A pregnant 16-year-old near East Lake Courts on Tuesday became a victim in Chattanooga's 80th shooting of 2013. The girl suffered nonlife-threatening injuries to her lower back when she was standing outside with a group and someone in a dark SUV fired off shots in broad daylight just before noon in the 2200 block of East 25th Street.
Witnesses said they heard at least five shots, and one resident, Jet Rose, pleaded for help. "We need protection. We fear for our lives," she told a reporter.
The violence -- often blamed on youth street gangs and drug trafficking -- points up the need for more police officers in Chattanooga and more investigative manpower and prosecution to get the bad guys with guns off the streets. It's a need Chattanooga Mayor Andy Berke vowed to meet when he unveiled a budget two weeks ago that would fund 40 new police officers to bring the police ranks to 486, a record high. Berke said the city also would pay for a full-time federal prosecutor -- partnering with the U.S. attorney's office of East Tennessee -- to put shooters and drug dealers behind bars for years at a time, not just from one bonding-out exercise to the next.
If national news in the past week is an indicator, that effort may now require some modification to meet changing national policing norms, though Berke doesn't anticipate any big problems, according to a spokesman.
A New York civil rights case ended in a federal court order that ruled New York City's "stop and frisk" policies unconstitutional. The judge found that police there resorted to a "policy of indirect racial profiling" as it increased the number of stops in minority communities. An angry New York Mayor Michael R. Bloomberg countered that police in the Big Apple have done exactly what the courts and constitution allow to keep the city safe, and killings had dropped to an all-time low of 418 in 2012. The all-time high was 2,245 in 1990.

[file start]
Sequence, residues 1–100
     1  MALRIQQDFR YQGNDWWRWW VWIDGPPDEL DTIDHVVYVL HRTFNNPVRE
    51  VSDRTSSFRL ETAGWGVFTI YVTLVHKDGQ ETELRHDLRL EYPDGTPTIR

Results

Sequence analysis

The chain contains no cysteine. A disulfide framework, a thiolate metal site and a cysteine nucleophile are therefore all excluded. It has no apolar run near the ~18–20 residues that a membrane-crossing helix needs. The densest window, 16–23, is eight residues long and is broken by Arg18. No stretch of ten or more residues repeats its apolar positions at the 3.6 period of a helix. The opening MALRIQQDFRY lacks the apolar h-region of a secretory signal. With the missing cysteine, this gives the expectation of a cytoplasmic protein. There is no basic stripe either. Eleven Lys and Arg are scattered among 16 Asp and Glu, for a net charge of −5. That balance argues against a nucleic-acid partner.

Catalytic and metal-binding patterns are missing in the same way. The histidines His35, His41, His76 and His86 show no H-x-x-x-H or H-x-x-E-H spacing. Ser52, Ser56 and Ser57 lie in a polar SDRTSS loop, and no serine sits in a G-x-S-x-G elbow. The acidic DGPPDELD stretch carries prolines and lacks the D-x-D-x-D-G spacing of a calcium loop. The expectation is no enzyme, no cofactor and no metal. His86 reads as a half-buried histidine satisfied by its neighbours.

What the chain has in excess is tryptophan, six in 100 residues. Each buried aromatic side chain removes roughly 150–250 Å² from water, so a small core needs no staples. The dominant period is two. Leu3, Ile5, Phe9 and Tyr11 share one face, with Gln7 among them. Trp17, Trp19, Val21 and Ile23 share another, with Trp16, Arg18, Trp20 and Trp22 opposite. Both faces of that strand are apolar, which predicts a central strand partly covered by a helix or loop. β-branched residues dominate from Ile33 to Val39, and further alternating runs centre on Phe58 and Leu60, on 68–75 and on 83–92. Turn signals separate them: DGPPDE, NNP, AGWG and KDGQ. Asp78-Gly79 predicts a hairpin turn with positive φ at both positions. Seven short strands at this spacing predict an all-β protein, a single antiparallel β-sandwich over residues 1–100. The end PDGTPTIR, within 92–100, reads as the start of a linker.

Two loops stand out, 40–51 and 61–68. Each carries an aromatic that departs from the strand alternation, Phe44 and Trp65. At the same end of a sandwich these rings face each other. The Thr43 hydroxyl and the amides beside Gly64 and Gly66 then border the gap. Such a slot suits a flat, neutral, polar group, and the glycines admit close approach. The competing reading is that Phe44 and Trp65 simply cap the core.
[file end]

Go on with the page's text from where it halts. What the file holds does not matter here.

Then on Monday, U.S. Attorney Gen. Eric Holder -- the boss of federal prosecutors -- added another possible hitch to Chattanooga's plan. Holder said the Justice Department will no longer pursue mandatory minimum sentences for certain low-level, nonviolent drug offenders. Nor will it pursue charges in cases that are better handled by state courts.
The reasons are two-fold: While the entire U.S. population increased by about a third since 1980, the federal prison population has grown by almost 800 percent. And the U.S. simply can't afford to be so "coldly efficient in jailing criminals" while at the same time it "cannot prosecute or incarcerate" its way to becoming safer. Widespread incarceration at all levels is ineffective and unsustainable, totaling $80 billion in 2010 alone. Meanwhile, federal prisons are operating at nearly 40 percent above capacity.
But Holder said violent crime -- such as shootings --will be pursued harder than ever, and in both more productive and preventive ways, including a youth violence prevention summit "to confront the 'school-to-prison pipeline' and those zero-tolerance school discipline policies that do not promote safety, and that transform too many educational institutions from doorways of opportunity into gateways to the criminal justice system."
"A minor school disciplinary offense should put a student in the principal's office and not a police precinct," Holder said.
We agree with that 100 percent. In the first three months of this year, the city's more than 60 shootings involved at least 20 young people under 21, and 14 were Hamilton County students. But only five of those 14 graduated from high school. One died, one went to jail, three were transferred to state youth institutions, one dropped out, another withdrew to Job Corps and two transferred to out-of-state schools.
Nine were D and F students, four were C students, one was an A-B student. Four had records of in-school suspensions and detentions. Five had records of school suspensions, expulsions or orders to alternative schools. Only five had no discipline entries.
The pattern is this: These youths are behind in school, and they eventually leave school, sometimes by their own decisions but sometimes not.
We have to find ways to keep 16-year-olds standing in a group from being injured in drive-by shootings.
And we have to find a way to keep the shooters from taking that violent path.
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